Nikolas Rose has led many international collaborative research projects, including BIONET, a major collaboration of European and Chinese researchers on the ethical governance of biomedical research in China. He is the Chair of the Neuroscience and Society Network, an international network to encourage critical collaboration between social scientists and neuroscientists, which was funded for several years by the European Science Foundation.[6]

He was previously a member of the Nuffield Council on Bioethics where he was a member of the Council's Working Party on Medical profiling and online medicine: the ethics of 'personalised healthcare' in a consumer age (2008–2010) and on Novel Neurotechnologies: intervening in the human brain.[7] He also served for several years as a member of the Royal Society's Science Policy Committee. He was Co-Director of the first publicly funded UK centre dedicated to synthetic biology based at Imperial College.[8] where he led a team examining the social, ethical, legal and political dimensions of this emerging field.[8][9] At King's he led a team of researchers exploring the social implications of new developments in biotechnology, and committed to the democratisation of scientific research and technological development, with a particular focus on synthetic biology and neurobiology. For many years he was a member of the Social and Ethical Division of the Human Brain Project, where he led the Foresight Lab based at King's College London which aimed to identify and evaluate the potential impact of the new knowledge and technologies produced by the Human Brain Project in neuroscience, neurology, computing and robotics, and also examined such issues as artificial intelligence and the political, security, intelligence and military uses of novel brain technologies.[10]

His work has been translated into many languages including Swedish, Danish, Finnish, German, Italian, French, Hungarian, Korean, Russian, Chinese, Japanese, Romanian, Portuguise and Spanish.

Selected publications



  • The Urban Brain: Mental Health in the Vital City, with Des Fitzgerald (Princeton University Press, in press, 2022)
  • Our Psychiatric Future: the politics of mental health, (Polity, 2018)
  • Neuro: The New Brain Sciences and the Management of the Mind, with Joelle M. Abi-Rached (Princeton University Press, 2013)
  • Governing the Present: Administering Economic, Social and Personal Life, with Peter Miller (Polity, 2008)
  • The Politics of Life Itself: Biomedicine, Power, and Subjectivity in the Twenty-First Century, (PUP, 2007)
  • Powers of Freedom: Reframing Political Thought (Cambridge University Press, 1999)
  • Inventing Our Selves: Psychology, Power and Personhood (Cambridge University Press, 1996)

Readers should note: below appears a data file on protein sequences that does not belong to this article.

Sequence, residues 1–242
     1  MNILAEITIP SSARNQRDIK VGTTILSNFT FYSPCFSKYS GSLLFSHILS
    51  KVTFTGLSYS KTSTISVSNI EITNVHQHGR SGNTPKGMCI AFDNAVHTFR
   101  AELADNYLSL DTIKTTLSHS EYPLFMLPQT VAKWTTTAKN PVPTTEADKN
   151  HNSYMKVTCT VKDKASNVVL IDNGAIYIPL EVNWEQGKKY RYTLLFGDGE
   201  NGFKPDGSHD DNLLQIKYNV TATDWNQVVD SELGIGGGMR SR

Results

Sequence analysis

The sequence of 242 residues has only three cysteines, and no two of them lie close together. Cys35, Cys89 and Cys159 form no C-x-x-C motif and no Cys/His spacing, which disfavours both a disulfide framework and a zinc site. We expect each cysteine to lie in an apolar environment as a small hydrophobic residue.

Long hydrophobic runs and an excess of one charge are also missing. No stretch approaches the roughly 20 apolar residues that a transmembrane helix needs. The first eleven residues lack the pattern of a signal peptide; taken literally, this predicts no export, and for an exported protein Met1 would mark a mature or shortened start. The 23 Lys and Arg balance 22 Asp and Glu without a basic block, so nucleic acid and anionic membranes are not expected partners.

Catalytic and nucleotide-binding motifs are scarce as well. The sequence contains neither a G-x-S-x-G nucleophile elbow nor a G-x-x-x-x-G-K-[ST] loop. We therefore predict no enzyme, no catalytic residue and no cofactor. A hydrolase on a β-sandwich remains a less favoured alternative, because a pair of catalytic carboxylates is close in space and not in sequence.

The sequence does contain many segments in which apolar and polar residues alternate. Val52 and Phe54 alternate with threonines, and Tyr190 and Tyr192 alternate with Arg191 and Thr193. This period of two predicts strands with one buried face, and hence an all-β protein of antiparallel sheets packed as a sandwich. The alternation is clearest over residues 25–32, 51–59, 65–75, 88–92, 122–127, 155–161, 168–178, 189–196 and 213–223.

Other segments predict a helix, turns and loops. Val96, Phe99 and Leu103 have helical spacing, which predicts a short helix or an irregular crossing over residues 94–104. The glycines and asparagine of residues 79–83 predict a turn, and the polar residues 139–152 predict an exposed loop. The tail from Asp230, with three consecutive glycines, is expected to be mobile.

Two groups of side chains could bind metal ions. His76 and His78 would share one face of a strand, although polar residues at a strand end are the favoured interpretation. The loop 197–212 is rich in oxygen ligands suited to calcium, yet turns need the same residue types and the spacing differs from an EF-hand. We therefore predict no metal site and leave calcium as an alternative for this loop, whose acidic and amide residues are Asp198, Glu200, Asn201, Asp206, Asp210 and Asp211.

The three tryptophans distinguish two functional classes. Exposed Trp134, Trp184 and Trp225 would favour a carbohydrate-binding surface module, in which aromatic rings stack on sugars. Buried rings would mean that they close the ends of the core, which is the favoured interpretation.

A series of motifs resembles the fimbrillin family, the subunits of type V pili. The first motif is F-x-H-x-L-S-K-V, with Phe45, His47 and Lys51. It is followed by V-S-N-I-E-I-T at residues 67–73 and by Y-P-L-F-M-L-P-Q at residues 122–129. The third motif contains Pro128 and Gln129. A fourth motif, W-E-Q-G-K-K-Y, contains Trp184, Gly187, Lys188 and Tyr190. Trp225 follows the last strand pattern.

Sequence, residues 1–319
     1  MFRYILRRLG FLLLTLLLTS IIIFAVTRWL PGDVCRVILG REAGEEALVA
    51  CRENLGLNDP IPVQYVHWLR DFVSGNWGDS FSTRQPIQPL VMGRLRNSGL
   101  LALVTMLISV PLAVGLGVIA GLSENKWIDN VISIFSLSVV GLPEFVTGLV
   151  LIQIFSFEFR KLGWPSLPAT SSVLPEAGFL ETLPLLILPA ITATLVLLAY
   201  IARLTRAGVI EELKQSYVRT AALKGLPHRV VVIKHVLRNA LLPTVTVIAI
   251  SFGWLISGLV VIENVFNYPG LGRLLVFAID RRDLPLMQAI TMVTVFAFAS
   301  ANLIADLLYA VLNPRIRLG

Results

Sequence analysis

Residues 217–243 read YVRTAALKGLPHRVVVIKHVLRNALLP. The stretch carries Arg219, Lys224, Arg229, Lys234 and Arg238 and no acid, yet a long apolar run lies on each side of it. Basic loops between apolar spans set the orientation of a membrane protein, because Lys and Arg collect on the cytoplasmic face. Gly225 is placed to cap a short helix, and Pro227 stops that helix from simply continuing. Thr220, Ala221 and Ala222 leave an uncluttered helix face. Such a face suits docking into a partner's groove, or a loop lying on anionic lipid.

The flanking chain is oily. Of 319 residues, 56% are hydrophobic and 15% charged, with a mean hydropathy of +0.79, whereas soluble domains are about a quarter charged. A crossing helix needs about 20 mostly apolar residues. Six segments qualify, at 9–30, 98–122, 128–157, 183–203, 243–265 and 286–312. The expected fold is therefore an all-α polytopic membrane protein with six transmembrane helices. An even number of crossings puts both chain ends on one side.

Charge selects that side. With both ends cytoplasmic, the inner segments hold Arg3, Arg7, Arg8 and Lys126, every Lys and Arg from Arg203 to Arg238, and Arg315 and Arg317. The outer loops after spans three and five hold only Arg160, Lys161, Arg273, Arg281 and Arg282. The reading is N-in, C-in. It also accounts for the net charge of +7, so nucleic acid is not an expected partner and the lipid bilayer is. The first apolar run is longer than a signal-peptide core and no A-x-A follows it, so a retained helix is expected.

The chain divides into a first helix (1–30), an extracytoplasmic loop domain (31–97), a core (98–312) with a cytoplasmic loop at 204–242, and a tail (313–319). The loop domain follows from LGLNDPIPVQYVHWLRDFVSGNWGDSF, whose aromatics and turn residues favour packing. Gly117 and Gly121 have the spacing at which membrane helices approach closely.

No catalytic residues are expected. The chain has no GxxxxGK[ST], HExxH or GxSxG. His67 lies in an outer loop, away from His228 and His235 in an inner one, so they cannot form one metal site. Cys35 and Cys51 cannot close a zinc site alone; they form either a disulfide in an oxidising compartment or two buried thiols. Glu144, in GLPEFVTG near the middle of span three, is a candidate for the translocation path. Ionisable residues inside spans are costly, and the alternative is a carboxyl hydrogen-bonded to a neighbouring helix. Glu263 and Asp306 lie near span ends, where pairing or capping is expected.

• Governing the Soul: The Shaping of the Private Self (Routledge, 1989, Second edition, Free Associations, 1999)
  • The Psychological Complex: Psychology, Politics and Society in England, 1869–1939 (Routledge, 1985)

Chapters in edited collections (selected)

  • 'Writing the History of the Present', in Jonathan Joseph, ed., Social Theory: A Reader. Edinburgh: Edinburgh University Press, 2005 (with Andrew Barry and Thomas Osborne) (Reprint of selections from Introduction to Foucault and Political Reason, 1996.)
  • 'Biological Citizenship', in Aihwa Ong and Stephen Collier, eds., Global Assemblages: Technology, Politics and Ethics as Anthropological Problems, pp. 439–463. Oxford: Blackwell, 2005 (with Carlos Novas)
  • Introduction to The Essential Foucault: Selections from Essential Works of Foucault, 1954–1984, New York: New Press, 2004 (with Paul Rabinow)
  • 'Becoming Neurochemical Selves', in Nico Stehr, ed., Biotechnology, Commerce and Civil Society, Transaction Press, 2004
  • 'The neurochemical self and its anomalies', in R. Ericson, ed., Risk and Morality, pp. 407–437. University of Toronto Press, 2003.
  • 'Power and psychological techniques', in Y. Bates and R. House, eds., Ethically Challenged Professions, pp. 27–46. Ross-on-Wye: PCCS Books, 2003.
  • 'Society, madness, and control', in A. Buchanan, ed., The Care of the Mentally Disordered Offender in the Community, pp. 3–25, Oxford: Oxford University Press (2001)
  • 'At Risk of Madness', in T. Baker and J. Simon, eds., Embracing Risk: The Changing Culture of Insurance and Responsibility, pp. 209–237, Chicago: University of Chicago Press (2001)

Papers in refereed journals (selected)

  • 'Towards neuroecosociality: mental health in adversity', Theory, Culture and Society, 2021: https://doi.org/10.1177%2F0263276420981614
  • 'Revitalizing sociology: urban life and mental illness between history and the present', British Journal of Sociology, 67, 1, 138-160 (With Des Fitzgerald and Ilina Singh)
  • 'Still like 'birds on the wire'', Economy and Society, 2017, 46, 3-4, 303-323
  • Reading the Human Brain How the Mind Became Legible', Body and Society, 2016, 22 ,2, 140-177: doi:10.1177/1357034X15623363
  • 'Spatial Phenomenotechnics: Making space with Charles Booth and Patrick Geddes', Environment and Planning D: Society and Space, 2004, 22: 209–228 (with Thomas Osborne).
  • 'Neurochemical selves', Society, November/December 2003, 41, 1, 46–59.
  • 'Kontroll', Fronesis, 2003, Nr. 14-15, 82–101.
  • 'The politics of life itself', Theory, Culture and Society (2001), 18(6): 1–30.
  • 'Genetic risk and the birth of the somatic individual', Economy and Society, Special Issue on configurations of risk (2000), 29 (4): 484–513. (with Carlos Novas).
  • 'The biology of culpability: pathological identities in a biological culture', Theoretical Criminology (2000), 4, 1, 5–34.